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Nonfarm Payroll Report Breakdown

The main headline for today’s jobs report is that it crushed expectations, coming in at a whopping 288,000; far higher than expectations of 218,000. Also, last month's figure was revised upward to 203,000 from 192,000.  


Another popular headline is that the Unemployment Rate dropped to 6.3%, from 6.7%, well below the expected 6.6%. That is the lowest print in more than five years!  This is great news but there are some key underlying statistics that need to be addressed before getting too excited about that number.

First, the labor force participation rate fell to 62.8% from 63.2%; the lowest level since 1978.  The participation rate has been falling for a number of reasons, one being an aging workforce of retiring baby boomers and another being a growing number of young people heading to school.  One Bureau of Labor Statistics official said that the labor force decline was probably “due mostly to fewer people entering the labor force than usual”, not more people leaving.  The report shows that the number of employed individuals in the household survey fell by 73,000 and the labor force contracted by 806,000.


Since the “main” unemployment rate is kind of murky to some economists, many of them look to a different figure the Bureau of Labor Statistics calls U-6.  It is defined as total unemployed, plus all marginally attached workers plus total employed part time for economic reasons, as a percent of all civilian labor force plus all marginally attached workers.  Another way to put it, the U-6 is the unemployed, the underemployed and the discouraged.  This makes the U-6 a more volatile number.  


Some other troubling statistics that came out were average hourly earnings month over month were +0.0%, expectations of 0.2%.  Also, average hourly earnings all employees year over year was 1.9%, expectations of 2.1%.  In other words, weekly earnings are growing at an annual rate of 1.9%, so real earnings are not rising. Weekly hours are flat, weekly earnings are flat. There's no earnings momentum so Janet Yellen doesn’t have to worry about wage inflation yet.

Here is a link to the Jobs Report and the first section of the report:

Bureau of Labor Statistics News Release

Household Survey Data 

In April, the unemployment rate fell from 6.7 percent to 6.3 percent, and the number of unemployed persons, at 9.8 million, decreased by 733,000. Both measures had shown little movement over the prior 4 months. Over the year, the unemployment rate and the number of unemployed persons declined by 1.2 percentage points and 1.9 million, respectively. (See table A-1.) 

Among the major worker groups, unemployment rates declined in April for adult men (5.9 percent), adult women (5.7 percent), teenagers (19.1 percent), whites (5.3 percent), blacks (11.6 percent), and Hispanics (7.3 percent). The jobless rate for Asians was 5.7 percent (not seasonally adjusted), little changed over the year. (See tables A-1, A-2, and A-3.)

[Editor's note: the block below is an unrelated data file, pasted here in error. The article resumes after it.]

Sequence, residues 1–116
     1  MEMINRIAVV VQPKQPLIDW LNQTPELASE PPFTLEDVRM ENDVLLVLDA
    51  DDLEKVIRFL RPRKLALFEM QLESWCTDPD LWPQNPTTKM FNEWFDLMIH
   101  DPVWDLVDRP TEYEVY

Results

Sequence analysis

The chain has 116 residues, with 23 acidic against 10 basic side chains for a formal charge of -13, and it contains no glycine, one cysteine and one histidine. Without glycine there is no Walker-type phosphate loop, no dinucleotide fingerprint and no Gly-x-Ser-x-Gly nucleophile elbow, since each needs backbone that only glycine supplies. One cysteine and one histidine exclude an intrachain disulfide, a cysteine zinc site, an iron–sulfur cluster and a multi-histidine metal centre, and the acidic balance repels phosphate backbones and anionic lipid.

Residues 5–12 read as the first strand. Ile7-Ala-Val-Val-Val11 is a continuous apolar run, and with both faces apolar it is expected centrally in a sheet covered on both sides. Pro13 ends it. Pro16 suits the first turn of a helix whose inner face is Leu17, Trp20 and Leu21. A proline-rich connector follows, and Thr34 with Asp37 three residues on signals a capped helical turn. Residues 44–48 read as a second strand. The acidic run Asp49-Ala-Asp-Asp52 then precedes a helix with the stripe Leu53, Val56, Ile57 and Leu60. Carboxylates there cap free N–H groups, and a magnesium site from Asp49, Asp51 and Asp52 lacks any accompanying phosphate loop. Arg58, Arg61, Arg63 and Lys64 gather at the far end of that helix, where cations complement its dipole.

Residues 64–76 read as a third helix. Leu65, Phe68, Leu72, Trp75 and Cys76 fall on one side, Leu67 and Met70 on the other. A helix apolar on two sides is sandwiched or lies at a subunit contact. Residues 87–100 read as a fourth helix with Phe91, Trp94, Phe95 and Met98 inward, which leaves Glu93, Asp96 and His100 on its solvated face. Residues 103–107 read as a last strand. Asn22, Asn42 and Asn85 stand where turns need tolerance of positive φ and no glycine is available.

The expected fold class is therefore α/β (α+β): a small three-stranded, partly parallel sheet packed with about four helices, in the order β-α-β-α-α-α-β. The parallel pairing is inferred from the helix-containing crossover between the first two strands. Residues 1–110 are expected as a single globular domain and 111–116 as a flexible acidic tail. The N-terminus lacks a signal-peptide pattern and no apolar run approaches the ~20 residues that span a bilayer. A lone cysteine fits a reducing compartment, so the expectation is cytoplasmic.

In April, the number of unemployed reentrants and new entrants declined by 417,000 and 126,000, respectively. (Reentrants are persons who previously worked but were not in the labor force prior to beginning their job search, and new entrants are persons who have never worked.) The number of job losers and persons who completed temporary jobs decreased by 253,000 to 5.2 million. (See table A-11.) 

The number of long-term unemployed (those jobless for 27 weeks or more) declined by 287,000 in April to 3.5 million; these individuals accounted for 35.3 percent of the unemployed. Over the past 12 months, the number of long-term unemployed has decreased by 908,000. (See table A-12.) 

The civilian labor force dropped by 806,000 in April, following an increase of 503,000 in March. The labor force participation rate fell by 0.4 percentage point to 62.8 percent in April. The participation rate has shown no clear trend in recent months and currently is the same as it was this past October. The employment-population ratio showed no change over the month (58.9 percent) and has changed little over the year. (See table A-1.) 

The number of persons employed part time for economic reasons (sometimes referred to as involuntary part-time workers) was little changed at 7.5 million in April. These individuals were working part time because their hours had been cut back or because they were unable to find full-time work. (See table A-8.) 

In April, 2.2 million persons were marginally attached to the labor force, down slightly from a year earlier. (The data are not seasonally adjusted.) These individuals were not in the labor force, wanted and were available for work, and had looked for a job sometime in the prior 12 months. They were not counted as unemployed because they had not searched for work in the 4 weeks preceding the survey. (See table A-16.) 

Among the marginally attached, there were 783,000 discouraged workers in April, little changed from a year earlier. (The data are not seasonally adjusted.) Discouraged workers are persons not currently looking for work because they believe no jobs are available for them. The remaining 1.4 million persons marginally attached to the labor force in April had not searched for work for reasons such as school attendance or family responsibilities. (See table A-16.)